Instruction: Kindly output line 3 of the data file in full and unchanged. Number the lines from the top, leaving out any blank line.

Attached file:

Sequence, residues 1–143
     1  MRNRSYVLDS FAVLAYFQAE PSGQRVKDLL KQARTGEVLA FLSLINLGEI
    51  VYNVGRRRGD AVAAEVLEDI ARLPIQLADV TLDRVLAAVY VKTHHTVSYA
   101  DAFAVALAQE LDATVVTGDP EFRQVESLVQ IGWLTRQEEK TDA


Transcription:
    51  VYNVGRRRGD AVAAEVLEDI ARLPIQLADV TLDRVLAAVY VKTHHTVSYA